The only treatment for Celiac disease is to go on a lifelong gluten-free diet. This may sound like an easy solution first, but gluten unfortunately is hidden in food additives, flavorings, cosmetics, school supplies, and more. Therefore, it is more of adopting a gluten-free lifestyle.
At the time of diagnosis, parents and children should meet a registered dietitian who has sufficient knowledge about Celiac Disease and the gluten-free diet. The patient and the family members need to be educated regarding the consequences of untreated Celiac disease, including nutrition related complications such as iron deficiency, osteoporosis, and autoimmune disorders.
Your gluten free diet should include any naturally gluten free foods, such as:
These foods should be specifically avoided:
Frequent follow up is important to ensure that the symptoms of Celiac disease have resolved. Families often encounter conflicting information, so the diet should also be reviewed to clear up any confusion and identify any potential sources of gluten. Periodic visits for assessment of symptoms, growth, physical examination, and adherence to the gluten free diet are necessary. Tissue Transglutam Mirase (TTG) should be measured after six months of starting a Gluten-free diet and then at one year intervals. A decrease in TTG indicates compliance with the diet and conversely a rise will indicate non-compliance.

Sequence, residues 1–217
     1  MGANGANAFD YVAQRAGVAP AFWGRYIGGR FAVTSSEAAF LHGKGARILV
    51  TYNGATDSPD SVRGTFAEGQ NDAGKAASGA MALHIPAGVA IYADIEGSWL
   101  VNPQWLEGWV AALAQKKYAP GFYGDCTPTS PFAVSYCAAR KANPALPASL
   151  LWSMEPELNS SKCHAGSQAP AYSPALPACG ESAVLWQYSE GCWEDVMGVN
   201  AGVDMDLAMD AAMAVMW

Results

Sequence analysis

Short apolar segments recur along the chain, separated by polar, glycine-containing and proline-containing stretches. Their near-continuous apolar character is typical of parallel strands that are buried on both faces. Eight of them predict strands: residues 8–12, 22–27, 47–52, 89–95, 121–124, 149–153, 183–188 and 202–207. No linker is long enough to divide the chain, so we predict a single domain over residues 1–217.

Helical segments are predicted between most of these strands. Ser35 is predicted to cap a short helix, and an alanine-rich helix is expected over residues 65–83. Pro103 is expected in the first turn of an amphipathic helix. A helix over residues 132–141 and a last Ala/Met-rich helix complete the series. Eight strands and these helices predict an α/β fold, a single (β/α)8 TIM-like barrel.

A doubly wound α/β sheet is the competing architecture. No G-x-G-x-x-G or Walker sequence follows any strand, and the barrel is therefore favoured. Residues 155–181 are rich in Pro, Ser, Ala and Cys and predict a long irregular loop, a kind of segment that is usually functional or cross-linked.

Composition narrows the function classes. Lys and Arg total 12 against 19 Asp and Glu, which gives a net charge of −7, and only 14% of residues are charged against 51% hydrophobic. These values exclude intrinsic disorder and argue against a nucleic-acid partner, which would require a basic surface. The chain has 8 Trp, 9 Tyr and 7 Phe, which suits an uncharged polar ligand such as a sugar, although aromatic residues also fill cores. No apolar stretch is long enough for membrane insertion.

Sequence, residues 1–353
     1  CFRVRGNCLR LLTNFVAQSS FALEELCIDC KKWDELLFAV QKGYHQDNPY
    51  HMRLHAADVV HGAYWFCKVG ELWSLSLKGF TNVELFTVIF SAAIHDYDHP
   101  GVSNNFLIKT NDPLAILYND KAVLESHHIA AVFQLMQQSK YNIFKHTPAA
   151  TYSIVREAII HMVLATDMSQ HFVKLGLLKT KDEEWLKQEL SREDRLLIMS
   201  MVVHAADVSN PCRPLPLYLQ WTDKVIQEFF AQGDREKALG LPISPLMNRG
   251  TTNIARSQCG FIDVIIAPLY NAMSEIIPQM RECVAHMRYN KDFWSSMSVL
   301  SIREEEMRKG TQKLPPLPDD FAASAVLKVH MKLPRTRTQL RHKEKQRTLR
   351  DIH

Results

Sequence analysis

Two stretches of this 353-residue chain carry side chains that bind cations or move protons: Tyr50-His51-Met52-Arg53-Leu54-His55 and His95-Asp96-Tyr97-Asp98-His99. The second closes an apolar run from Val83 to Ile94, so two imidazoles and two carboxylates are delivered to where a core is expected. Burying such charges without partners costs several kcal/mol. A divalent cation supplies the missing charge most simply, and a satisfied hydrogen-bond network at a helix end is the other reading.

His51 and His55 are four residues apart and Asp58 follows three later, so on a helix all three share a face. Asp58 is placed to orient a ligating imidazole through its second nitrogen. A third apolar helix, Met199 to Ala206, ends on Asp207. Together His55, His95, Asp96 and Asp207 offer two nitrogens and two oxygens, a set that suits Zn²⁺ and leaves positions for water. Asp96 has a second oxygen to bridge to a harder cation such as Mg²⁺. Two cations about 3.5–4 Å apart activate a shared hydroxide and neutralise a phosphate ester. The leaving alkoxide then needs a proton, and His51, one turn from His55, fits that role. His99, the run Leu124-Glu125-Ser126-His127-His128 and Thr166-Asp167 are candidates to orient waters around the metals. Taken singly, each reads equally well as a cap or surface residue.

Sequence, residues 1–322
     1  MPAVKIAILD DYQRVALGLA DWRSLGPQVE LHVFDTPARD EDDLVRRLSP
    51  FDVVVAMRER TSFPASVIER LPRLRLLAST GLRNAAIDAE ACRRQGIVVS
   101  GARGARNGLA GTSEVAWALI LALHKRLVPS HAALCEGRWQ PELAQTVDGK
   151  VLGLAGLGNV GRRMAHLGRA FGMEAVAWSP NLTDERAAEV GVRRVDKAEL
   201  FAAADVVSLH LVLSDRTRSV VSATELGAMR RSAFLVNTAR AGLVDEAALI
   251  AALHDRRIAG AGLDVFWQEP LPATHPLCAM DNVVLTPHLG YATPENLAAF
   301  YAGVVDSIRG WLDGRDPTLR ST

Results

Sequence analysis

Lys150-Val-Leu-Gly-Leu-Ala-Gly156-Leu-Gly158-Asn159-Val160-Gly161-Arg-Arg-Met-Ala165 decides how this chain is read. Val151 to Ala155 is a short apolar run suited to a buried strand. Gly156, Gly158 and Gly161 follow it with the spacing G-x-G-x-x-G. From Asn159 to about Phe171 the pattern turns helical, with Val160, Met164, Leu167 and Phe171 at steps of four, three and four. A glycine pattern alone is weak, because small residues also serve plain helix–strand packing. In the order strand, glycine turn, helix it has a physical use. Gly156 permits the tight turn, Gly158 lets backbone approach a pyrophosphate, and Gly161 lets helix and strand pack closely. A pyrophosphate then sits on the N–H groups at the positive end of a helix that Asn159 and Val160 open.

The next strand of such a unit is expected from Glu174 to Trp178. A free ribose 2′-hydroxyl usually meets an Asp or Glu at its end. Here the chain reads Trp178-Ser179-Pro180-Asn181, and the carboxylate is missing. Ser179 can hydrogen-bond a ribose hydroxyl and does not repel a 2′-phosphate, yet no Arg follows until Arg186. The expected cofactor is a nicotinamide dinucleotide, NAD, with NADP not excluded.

Diagnosis of the disease is only the beginning, as the doctor will provide the education and support for life-long compliance to the gluten free diet. Support groups like Gluten-free Jio are important links, which allow participation of a person with Celiac and encourage adhering to a gluten-free diet, preventing further complications of untreated Celiac Disease and improving quality of life.
People with non-celiac wheat sensitivity experience symptoms similar to those of Celiac Disease, which subsides when gluten is removed from the diet. However, they do not test positive for celiac disease. This is also known as Non-Celiac Gluten Sensitivity. Symptoms typically appear hours or days after gluten has been ingested. Clinically, it has been recognized as less severe than celiac disease.